Agriculture and metallurgy were first practiced in the region around 4,000 years ago. Many dolmens, tumuli and megaliths have been found in Béarn dating to this era, suggesting that ancestor worship was an important religious activity in neolithic Béarn.[7] Construction of cromlêhs in Béarn continued into the Bronze Age.

Fortified villages were also constructed in Neolithic Béarn, and remains of these have been found near Asson, Bougarber and Lacq.


Béarn was occupied by Ligurians around 3000 years ago. By 500 BC, Iberians appear to have replaced the Ligurians. The names of several towns in Béarn end in -os (e.g. Gelos, Urdos and Arros) which suggests an Iberian origin.

The region became part of the Roman Empire in the first century BC. Diocletian included Bearn in the Roman province of Novempopulania. Roman influence in the region waned in the fifth century AD, and Béarn experienced multiple barbarian invasions. Béarn was successively conquered by the Vandals, the Visigoths, the Merovingians and finally the Carolingians.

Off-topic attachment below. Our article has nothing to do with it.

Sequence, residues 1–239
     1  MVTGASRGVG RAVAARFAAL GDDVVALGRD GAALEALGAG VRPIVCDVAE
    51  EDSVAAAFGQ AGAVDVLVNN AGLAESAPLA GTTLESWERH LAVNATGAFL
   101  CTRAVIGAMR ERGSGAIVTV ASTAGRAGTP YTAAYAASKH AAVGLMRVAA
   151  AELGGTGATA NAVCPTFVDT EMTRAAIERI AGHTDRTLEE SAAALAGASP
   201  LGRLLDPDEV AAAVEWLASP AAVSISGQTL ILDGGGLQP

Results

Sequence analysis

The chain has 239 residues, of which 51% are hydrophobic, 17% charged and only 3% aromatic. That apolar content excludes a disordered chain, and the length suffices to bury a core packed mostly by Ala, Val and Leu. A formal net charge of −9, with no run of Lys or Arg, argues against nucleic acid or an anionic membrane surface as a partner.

The fifth century AD also saw the arrival of Christianity in Béarn. The rural character of Béarn meant that Christianity took longer to become established there than elsewhere in France.



Béarn is served by two autoroutes. The A64 (l'autoroute pyrénéenne, European designation E80) was built in 1977 and links Pau, Toulouse and Bayonne. In Béarn, the A64 has junctions serving the towns of Salies-de-Béarn, Orthez, Artix, Pau and Soumoulou.

The A65 (l'autoroute de Gascogne, European designation E7) links Pau with Langon. It serves the Béarnese towns of Lescar, Thèze and Garlin. At Langon, the A65 joins on to the A62, which continues to Bordeaux. The A65 was opened in 2010, and was at the time France's most expensive autoroute.

Several more minor routes also serve Béarn. The Route Nationale 134 links the south of Pau with Somport in the Aspe Valley. Several mountain roads link Somport with Spain.


Three railway lines serve Béarn. The first of these is the Toulouse to Bayonne railway, which was opened in stages between 1861 and 1867. Several rail stations are located on this line, including those of Coarraze-Nay, Assat, Pau, Artix, Orthez and Puyoô. The Puyoô to Dax railway line enables trains to run from Béarn to Bordeaux. Both these railway lines are served by TGV, Intercités and TER.

The third railway line, the Pau to Canfranc line, serves the south of Béarn. It was put into service between 1883 and 1928. However, the railway line been partially closed since 1970. This is because in 1970, a bridge carrying this rail line over the Gave d'Aspe was destroyed by a train derailment; SNCF consequently closed the line south of the Gare d'Oloron-Sainte-Marie. An additional section of the line, between Oloron-Sainte-Marie and Bedous, was reopened by SNCF in 2016.